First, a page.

I was asked to speak on a panel last night for the group: Big Love Network. They are hosting a series called: “Love on Akron.”
The topic of discussion was: “Design of Displacement.”
We talked about the effect of people being displaced in Akron, America and the world.
My line of thinking is always with American homeless. I suspect that’s maybe why they asked me to participate in this.
I work with the poorest of the poor. Most people I work with live on $0/day. These are the most extreme poverty situations in the world. There are countless people experiencing that level of poverty in Akron.
This kind of person can’t afford to take the bus. They can’t afford to by a hot dog.
They steal lunch meat because they are starving.
This last point is strange to me. Even if you can’t find a place at a shelter and you have to sleep in the woods you should still be able to get food every day of the week. Especially in Akron.
Akron has a really good network of dinners and food distribution. (We are new members of the Akron Canton Food bank. We’re starting to distribute food now as well.)
So, the question arises: Why are people still starving in Akron?
The answer is displacement.
If you ever see a tent on any public land all you have to do is make one call to the city and they will be right over to kick the people off that land.
And of course private property owners can do the same any time they want.
We are creating our own refugees. We are constantly displacing people in America.
Camps are ALWAYS being raided and shut down. People lose everything in these raids.
I have never heard anyone discuss the consequences of these raids and camp shutdowns. So let me tell you my observations.
When a group of people get pushed out of a camp it makes them poorer. You would think that a person that makes $0/day couldn’t get any poorer. But I assure you they can.
They lose connections to people they trust. Now they have to start building relationships all over again. This is incredibly risky. You can’t tell a dangerous person just by looking at them. You have to live with them for a while to understand what kind of person they are.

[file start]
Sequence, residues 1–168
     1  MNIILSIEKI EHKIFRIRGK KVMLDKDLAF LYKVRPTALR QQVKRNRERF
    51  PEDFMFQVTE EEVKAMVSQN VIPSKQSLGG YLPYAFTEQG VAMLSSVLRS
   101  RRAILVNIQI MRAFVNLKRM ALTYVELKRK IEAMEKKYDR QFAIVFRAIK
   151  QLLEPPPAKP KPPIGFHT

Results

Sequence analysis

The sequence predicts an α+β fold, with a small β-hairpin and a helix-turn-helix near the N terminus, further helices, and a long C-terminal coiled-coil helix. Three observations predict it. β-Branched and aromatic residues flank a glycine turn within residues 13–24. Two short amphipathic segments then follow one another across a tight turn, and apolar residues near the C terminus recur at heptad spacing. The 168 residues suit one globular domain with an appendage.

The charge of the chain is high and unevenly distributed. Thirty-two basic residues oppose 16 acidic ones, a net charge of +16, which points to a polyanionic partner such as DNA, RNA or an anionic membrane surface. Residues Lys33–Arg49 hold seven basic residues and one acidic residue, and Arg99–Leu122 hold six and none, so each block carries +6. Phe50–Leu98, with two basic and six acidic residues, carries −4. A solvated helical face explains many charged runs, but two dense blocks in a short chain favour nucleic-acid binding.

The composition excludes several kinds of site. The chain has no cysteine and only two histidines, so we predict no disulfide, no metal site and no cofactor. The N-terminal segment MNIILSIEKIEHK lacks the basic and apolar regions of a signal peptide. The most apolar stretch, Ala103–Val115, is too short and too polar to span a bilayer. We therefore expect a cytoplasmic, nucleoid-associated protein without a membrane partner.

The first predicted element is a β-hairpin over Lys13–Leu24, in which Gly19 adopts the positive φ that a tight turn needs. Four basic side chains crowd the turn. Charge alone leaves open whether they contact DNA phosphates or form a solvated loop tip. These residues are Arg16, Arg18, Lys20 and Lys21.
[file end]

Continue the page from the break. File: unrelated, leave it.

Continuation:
They lose connections to services and organizations that would help them. A restaurant might give them free drinks and food. A church might give them clothes and blankets. A grocery store might give them hygiene items.
All those built up connections are now gone. They have to find a new place to build up those connections all over again.
And then there’s the family. I get panicked calls and emails all the time from people desperately looked for homeless loved ones. They have just disappeared. No one has seem them.
No matter what you think of the homeless, it doesn’t matter. This displacement hurts all of us.
I guarantee if you are hungry enough you will steal. It’s life or death at that point. So theft goes up.
Prostitution goes up to raise money. Drug sales go up to raise money.
You need money now because you have to pay for food until you figure out your new support network in your new camp. That’s why you have no choice but to turn to crime.
The lack of stability increases mental health issues. The lack of stability increases alcohol and drug use.
Everything gets worse.
The point of this article is to simply point out that there are actual consequences of shutting down these camps.
Thinking there is no cause and effect is naive and dangerous. We all get hurt by this displacement.
I just ask the cities of America to think about these consequences every time they shut down a camp. Ask yourself which is worse: a secluded camp on public land or all the residual effects that come with displacing these people.